Other wounded were brought in to fill the vacant places. Duncan Sherwood of Company A was one, so I had company. Mike Scannell had also remained, being wounded in the arm, and rendered valuable service to Sherwood and myself. Directly in front of us were two amputating tables which were always busy. We saw several men whom we knew placed on them and removed, minus a leg or an arm. The groans of the wounded were constant, and the dead were being carried past us nearly all the time. On my left lay a young boy. He suffered much, but did not complain. One night, when it was time to go to sleep, he whispered, "Good night, lieutenant, I think that I shall go up before morning." I urged him to keep up his courage, but he said it was no use, he should die. In the morning I looked and saw that the poor boy had answered the last roll-call. He lay by my side until afternoon, before they could find time to take him away. I had forgotten to ask his name, and no one knew him. His grave no doubt bears the mark "unknown", and the records of his regiment say, "missing in action."

I remained here six days, and my wounds received no attention only such as my comrades gave. They kept my canteen filled with water, which I used freely, to prevent inflammation. Do not think that I blame the surgeons. No nobler men ever lived than composed the medical staff of the Army of the Potomac; but there were twenty thousand wounded men, Union and rebel, on the field of Gettysburg, and the cases requiring amputation must receive attention first.

One day I was made happy. Lieutenant Shackley and Adjutant Hill came to see me. They had ridden back fifteen miles. Some of the boys had found a chicken, and they had made a broth and brought it to me in an old coffee pot. It was the first thing that had tasted good, and I shared it with Sherwood. Some think soldiers are hard-hearted. No hearts more tender can be found than in the breasts of brave men. When those officers parted from me that day not one of us could speak, and tears ran down our cheeks as we pressed each other's hands.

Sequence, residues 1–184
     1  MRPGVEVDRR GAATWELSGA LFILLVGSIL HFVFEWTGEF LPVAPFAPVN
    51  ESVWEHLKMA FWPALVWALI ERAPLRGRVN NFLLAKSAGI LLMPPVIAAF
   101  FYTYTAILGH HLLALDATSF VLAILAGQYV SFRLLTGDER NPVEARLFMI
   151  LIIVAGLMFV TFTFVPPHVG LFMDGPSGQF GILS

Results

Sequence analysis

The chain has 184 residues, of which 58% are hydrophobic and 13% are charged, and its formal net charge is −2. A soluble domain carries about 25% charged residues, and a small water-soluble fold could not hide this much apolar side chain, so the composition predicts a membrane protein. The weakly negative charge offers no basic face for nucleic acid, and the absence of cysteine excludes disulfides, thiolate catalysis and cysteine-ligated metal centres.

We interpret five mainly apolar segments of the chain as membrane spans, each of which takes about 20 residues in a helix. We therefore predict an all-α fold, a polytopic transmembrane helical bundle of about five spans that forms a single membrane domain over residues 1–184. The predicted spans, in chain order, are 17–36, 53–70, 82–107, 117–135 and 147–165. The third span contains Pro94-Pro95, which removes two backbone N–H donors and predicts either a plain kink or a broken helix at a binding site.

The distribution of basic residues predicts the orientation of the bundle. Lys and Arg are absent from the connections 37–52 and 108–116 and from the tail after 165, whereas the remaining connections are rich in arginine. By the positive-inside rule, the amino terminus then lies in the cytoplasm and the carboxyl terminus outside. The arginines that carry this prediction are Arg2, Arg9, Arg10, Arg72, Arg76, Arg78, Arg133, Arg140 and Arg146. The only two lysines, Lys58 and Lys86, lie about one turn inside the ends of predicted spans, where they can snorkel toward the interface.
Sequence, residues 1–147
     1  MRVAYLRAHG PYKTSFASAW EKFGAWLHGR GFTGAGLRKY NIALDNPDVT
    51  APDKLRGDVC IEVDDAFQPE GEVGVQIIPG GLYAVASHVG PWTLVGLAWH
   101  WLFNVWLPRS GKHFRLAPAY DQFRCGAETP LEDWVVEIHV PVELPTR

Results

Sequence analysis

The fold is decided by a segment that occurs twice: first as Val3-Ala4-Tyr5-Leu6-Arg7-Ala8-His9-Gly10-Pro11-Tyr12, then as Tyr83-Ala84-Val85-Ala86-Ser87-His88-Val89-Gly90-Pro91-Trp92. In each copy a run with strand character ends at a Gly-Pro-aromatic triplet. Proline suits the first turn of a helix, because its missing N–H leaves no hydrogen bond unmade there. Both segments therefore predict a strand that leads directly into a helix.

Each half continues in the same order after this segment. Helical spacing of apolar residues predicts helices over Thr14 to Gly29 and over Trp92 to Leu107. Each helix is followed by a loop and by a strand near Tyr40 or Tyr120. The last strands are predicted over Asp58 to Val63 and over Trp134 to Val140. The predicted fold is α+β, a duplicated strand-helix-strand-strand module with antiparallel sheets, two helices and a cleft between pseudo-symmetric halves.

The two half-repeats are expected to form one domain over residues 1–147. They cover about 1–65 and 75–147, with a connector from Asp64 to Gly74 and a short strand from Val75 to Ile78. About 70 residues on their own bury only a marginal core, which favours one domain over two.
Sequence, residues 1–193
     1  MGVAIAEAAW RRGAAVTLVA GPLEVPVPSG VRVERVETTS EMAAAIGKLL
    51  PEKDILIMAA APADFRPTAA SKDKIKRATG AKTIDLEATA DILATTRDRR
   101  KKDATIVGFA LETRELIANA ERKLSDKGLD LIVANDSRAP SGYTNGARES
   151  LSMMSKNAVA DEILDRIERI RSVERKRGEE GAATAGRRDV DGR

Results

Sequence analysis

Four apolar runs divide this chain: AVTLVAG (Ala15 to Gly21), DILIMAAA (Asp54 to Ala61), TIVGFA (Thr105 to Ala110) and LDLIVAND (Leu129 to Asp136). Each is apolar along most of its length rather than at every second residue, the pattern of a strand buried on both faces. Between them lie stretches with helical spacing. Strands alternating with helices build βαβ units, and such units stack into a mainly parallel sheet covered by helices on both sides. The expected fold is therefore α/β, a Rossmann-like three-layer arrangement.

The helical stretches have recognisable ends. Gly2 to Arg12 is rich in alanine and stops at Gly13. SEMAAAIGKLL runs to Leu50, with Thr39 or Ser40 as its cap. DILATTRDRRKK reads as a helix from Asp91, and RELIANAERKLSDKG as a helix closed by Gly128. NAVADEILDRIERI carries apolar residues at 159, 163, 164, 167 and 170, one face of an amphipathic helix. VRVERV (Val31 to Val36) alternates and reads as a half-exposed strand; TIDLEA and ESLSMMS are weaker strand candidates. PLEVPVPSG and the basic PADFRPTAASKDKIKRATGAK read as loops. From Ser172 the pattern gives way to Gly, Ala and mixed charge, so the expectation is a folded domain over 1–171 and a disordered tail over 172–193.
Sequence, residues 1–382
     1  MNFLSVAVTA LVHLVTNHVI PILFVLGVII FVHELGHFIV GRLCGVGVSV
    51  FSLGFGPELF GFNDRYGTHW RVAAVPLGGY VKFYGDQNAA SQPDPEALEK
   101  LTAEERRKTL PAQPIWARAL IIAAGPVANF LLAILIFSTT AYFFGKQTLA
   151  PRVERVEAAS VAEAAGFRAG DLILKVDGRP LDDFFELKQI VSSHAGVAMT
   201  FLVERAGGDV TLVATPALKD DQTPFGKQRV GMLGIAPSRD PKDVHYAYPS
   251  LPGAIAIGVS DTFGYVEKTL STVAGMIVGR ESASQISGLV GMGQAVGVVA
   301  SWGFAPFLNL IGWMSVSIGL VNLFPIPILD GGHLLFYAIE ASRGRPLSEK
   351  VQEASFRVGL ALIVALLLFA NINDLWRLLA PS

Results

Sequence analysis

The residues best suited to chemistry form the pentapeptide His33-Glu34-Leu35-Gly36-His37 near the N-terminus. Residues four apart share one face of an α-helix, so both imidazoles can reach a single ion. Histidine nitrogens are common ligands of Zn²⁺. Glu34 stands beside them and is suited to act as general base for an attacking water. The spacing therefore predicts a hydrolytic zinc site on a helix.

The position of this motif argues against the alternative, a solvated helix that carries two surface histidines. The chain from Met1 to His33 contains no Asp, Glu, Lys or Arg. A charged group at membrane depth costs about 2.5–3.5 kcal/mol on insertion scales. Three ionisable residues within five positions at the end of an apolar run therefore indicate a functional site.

My mind had been quite active, and I had come to the conclusion that I would move my lodging as soon as possible. One surgeon had said that I would not live twenty-four hours, another that I must remain where I was two weeks. It struck me that to die in twenty-four hours or stay where I was two weeks would neither be pleasant for myself nor those near me.

I talked the matter over with Sherwood. We counted our cash and found we had five dollars each, and we formed a syndicate. We made Mike Scannell our agent, with instructions to bring some kind of conveyance to take us off the field. The next morning he reported with a citizen, a horse and a side-spring wagon. The whole lot was not worth ten dollars, but we paid our money and were loaded and on our way to Littletown, where we arrived in due time, and were driven to a church which had been converted to a temporary hospital. We found it nearly full, but they made room for us. I had a nice place on top of the pews in the broad aisle.